“I’LL DROP YOU OFF HERE so you can drift onto the shotline,” said Jay, our boatman, as he manoeuvred the RIB to a point where I could barely make out the marker buoy.
I know that I take some time to handle my camera kit for entering the water, but this is ridiculous, I thought.
As soon as I went over the side, however, I appreciated the logic, because I found myself hurtling towards the shotline. Thankfully, I just managed to grab the buoy before being swept away.
I should have known better, because Jay had warned us to expect strong currents, and he is never prone to exaggeration.
His warning, “Don’t be heroes, guys – just abort the dive if it’s too much” rang in my ears as I struggled with the buoy.
As I fumbled to take the cover off my dome-port, I had to let go of the shotline for just a second and immediately regretted it. I had a hard time finning as fast as I could to regain the line.
A back-tank, two side-mounted stage-tanks and an underwater camera rig create a considerable amount of drag, and I felt I was losing the battle. In the end, I had to grab the tank of Piero (my dive-buddy, who was hanging grimly onto the shotline) to crawl back to the line and begin our descent.
Despite instructions to avoid pulling on the rope, we ended up having to do the exact opposite and pull ourselves into the depths. The current just refused to let up, and eased only once we were well past the 45m mark.
My previous dives on the wreck of the bow section of HMS Southwold had never been this extreme but this area, some two miles north-east of Malta’s St Thomas Bay, is well known for its unpredictable strong currents.
This is definitely not your ordinary tourist wreck-site, and tackling it requires careful preparation and training. For experienced tec divers, however, this wreck is a gem, and a serious contender for my preferred tec dive in Malta.
HMS Southwold now lies on a sandy bottom. She sank in two parts, a reflection of her tragic end, which takes us back to World War Two, one of the darkest and most heroic chapters in Maltese history.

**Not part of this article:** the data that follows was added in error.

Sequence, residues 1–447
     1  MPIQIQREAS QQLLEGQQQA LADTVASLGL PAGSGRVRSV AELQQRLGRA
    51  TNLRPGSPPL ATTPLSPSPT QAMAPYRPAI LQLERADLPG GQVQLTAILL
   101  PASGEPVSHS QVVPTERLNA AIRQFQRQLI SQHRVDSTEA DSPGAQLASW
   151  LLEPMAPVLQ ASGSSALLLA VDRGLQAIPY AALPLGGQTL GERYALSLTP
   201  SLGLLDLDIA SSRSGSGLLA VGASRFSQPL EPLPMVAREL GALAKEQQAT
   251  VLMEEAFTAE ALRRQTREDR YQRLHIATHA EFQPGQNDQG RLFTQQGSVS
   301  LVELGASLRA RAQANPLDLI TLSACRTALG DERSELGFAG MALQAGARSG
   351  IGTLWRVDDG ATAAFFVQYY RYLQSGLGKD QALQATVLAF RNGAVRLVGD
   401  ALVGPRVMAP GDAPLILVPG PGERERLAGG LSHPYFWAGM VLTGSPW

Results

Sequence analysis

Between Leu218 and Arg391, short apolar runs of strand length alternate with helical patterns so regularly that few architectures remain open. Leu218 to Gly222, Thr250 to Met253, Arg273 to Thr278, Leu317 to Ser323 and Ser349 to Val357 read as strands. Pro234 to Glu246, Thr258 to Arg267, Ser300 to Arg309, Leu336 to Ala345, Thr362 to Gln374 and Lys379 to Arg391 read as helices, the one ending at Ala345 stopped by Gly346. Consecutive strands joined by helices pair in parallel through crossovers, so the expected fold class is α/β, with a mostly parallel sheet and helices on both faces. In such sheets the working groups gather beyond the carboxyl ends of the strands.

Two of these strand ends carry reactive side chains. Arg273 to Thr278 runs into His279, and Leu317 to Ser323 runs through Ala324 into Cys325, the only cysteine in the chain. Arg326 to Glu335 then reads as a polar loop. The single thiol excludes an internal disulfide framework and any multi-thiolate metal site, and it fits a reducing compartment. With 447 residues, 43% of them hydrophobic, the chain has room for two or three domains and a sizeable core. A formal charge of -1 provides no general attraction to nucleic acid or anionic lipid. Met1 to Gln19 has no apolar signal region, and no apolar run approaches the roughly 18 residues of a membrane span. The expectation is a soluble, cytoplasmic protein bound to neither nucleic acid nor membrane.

AT THE TIME THE ISLANDS were besieged by Axis forces, which completely surrounded them and were pounding the inhabitants with constant air raids from bases just 60 miles away in Sicily. This earned Malta its George Cross medal (henceforth proudly flown on the Maltese flag) and the unenviable label of being the most heavily bombed location during the war.
Of course, a prominent component of the Axis’s aim was to starve the islands into submission by sinking any attempts at resupply. But Malta’s strategic location commanding the central Mediterranean was vital to the Allies. Sorties from Malta were crucial in ending Rommel’s campaign in North Africa by cutting off his supply-lines from Italy.
Britain’s Admiralty spared no expense in ensuring that at least some ships would get through to keep Malta fighting. It was an ugly, brutal conflict that left many casualties on both sides.
HMS Southwold’s role in this scenario was that of a convoy escort in the most dangerous marine theatre of the war. She was a Type II Hunt-class destroyer commissioned in 1941 and designed primarily for anti-air and anti-submarine warfare. She was quite fast, capable of reaching 27 knots.
Her main weapons were three twin 4in gun turrets, a battery of four 2lb pom-pom guns, and two 20mm Oerlikon machine-guns. She also carried 110 depth-charges in three racks, and two depth-charge projectors.
On 21 March, 1942, Southwold joined the escorts of a four-ship convoy that attempted to resupply beleaguered Malta from Alexandria. This convoy was intercepted by the Italian fleet and forced to steer south into the Guff of Sirte.
The escorting cruisers and destroyers put up a brave defence, despite being heavily outgunned by the Italian fleet, which included the battleship Littorio.
The detour cost the convoy the cover of night in its approach to Malta. The British fast tanker/supply ship Breconshire was detached from the convoy and sent off towards Malta, escorted by the destroyers Southwold and Beaufort.
IN HEAVY SEAS, they came under intense air attacks that disabled Breconshire just off the coast of Malta and set her drifting onto defensive minefields.
Her precious fuel had to be saved, and Southwold tried to save the tanker from running onto the minefield by coming alongside. It was this manoeuvre that cost her dearly, because she struck a mine, killing one officer and four ratings.
An attempt was made to tow Southwold to the docks in Malta, but her structural integrity had been severely compromised and she broke in two. The bow section now lies 68m down, while the stern is slightly deeper at 72m. They are about 300m apart, so the two sections can’t be covered on a single dive.
Unlike wrecks scuttled to entertain tourist divers, these genuine wrecks tell poignant stories. A characteristic of both sections of the Southwold are the numerous empty 4in shell-cases that litter the decks of both sections.
I can’t help but picture the frantic activity that must have occurred shortly before the ship sank. Navy gunners must have been loading all these shells into the gun-turrets and desperately firing them at enemy aircraft as these swooped to unload their deadly cargo on the Breconshire.
IT’S IRONIC THAT, after all those attacks, it had to be a British mine that sank HMS Southwold. It must have struck just aft of the forecastle, by the funnel, because that’s where the tear occurred.